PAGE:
Explainer: 10-year-old kids can be tried as adults in Wisconsin

The two Wisconsin teens accused of nearly stabbing their classmate to death in the "slender man" attack will be tried as adults. Questions are now circulating on how these girls, who were 12 years old at the time, can be tried in adult court -- something that would not happen automatically in Minnesota.

Most are unaware that there’s a difference in Wisconsin and Minnesota law when it comes to trying kids as adults. There are two roads for juveniles to get in the adult system: one is discretionary, where the prosecutor has the option to make the argument for certain crimes.  And the other is automatic; the juveniles start in the adult system.

In Minnesota, this only happens when someone is at least 16 years old and they're charged with first-degree murder. But in Wisconsin, they only have to be 10 years old -- it applies to a few types of murder charges including attempted first-degree murder, which the girls are charged with in the "slender man" case.

One of the 12-year-old girls told a detective that she and a friend tried to stab someone to death because of this fictional creation “slender man.” Is this the mind of a child or an adult?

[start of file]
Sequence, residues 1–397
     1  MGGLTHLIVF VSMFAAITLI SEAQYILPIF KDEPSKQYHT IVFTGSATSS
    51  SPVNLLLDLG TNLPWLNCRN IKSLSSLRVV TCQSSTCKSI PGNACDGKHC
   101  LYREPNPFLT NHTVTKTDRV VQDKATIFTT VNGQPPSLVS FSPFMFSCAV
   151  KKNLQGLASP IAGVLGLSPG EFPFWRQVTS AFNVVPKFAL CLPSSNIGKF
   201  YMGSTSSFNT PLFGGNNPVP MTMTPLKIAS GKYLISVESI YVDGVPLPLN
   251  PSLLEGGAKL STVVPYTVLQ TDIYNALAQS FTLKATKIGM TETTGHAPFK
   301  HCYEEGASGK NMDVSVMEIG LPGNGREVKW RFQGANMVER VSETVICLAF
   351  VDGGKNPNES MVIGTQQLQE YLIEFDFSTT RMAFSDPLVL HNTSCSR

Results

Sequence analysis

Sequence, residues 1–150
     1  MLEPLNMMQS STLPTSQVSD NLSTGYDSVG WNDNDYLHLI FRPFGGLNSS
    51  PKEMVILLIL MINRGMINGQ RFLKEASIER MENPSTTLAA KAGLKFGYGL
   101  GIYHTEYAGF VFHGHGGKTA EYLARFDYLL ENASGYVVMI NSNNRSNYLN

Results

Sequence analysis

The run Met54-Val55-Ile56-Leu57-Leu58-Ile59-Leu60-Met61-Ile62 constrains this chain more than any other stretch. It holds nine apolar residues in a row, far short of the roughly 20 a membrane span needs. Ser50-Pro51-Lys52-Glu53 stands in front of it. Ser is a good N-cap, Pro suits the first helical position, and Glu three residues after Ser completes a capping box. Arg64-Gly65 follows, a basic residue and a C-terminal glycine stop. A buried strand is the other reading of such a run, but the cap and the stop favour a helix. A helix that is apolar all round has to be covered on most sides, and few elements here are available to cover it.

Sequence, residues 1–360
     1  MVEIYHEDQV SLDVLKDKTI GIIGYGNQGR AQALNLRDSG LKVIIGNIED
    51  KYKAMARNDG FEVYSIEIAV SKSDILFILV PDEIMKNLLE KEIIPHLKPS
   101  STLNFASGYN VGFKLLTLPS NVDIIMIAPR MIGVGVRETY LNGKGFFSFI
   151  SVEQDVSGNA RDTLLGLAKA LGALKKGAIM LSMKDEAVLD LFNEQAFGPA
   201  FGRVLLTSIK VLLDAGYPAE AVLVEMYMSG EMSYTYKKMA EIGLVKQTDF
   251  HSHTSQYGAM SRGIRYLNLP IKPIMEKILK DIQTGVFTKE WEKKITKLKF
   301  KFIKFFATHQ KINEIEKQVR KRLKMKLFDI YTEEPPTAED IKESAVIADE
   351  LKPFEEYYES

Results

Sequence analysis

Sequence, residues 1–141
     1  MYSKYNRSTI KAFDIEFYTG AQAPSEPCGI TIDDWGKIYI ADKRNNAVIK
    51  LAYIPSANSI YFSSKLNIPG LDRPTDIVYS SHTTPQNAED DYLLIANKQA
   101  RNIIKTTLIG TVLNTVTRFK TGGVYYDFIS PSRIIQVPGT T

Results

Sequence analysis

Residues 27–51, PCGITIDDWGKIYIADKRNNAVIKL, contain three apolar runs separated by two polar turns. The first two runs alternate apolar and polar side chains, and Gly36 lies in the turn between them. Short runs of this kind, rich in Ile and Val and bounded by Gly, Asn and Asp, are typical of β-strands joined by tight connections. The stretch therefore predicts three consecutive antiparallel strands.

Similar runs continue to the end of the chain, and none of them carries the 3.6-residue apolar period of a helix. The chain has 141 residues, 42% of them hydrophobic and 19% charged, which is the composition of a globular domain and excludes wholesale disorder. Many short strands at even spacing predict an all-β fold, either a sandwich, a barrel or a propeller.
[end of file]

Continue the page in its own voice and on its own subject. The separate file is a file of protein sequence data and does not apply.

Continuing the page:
“Oh and there was one thing I forgot to tell you,” she said to the detective. “I kinda made a deal with Slender saying that if I didn't, if we didn't kill, that he would, would either or could kill our families and everything we love. “

According to Jillian Peterson, who studies the minds of criminals at Hamline University, there’s a lot of research that shows decision making and impulse control doesn't really develop until age 25.

“I used to work with men who were on death row in New York and the vast majority of them were really young -- 19,20,21 -- and even at that age you saw there wasn't that level of processing and decision making and impulse control that you would want to see in someone who was facing the death penalty,” Peterson said.  “So when you move that back to age 12, it's hard to see how this is showing adult-level decision making.

But Peterson also said the brutality of the crime and months of planning tilt the scale at least a little bit toward adult.

In the end, the judge seemed very concerned with what the girls would do when they turned 18.

Some are wondering whether the Wisconsin law is appealable -- probably not right now. But the trend by the U.S. Supreme Court has been to recognize more and more that juveniles' minds are very different from adult ones. So over time, we could see some law changes.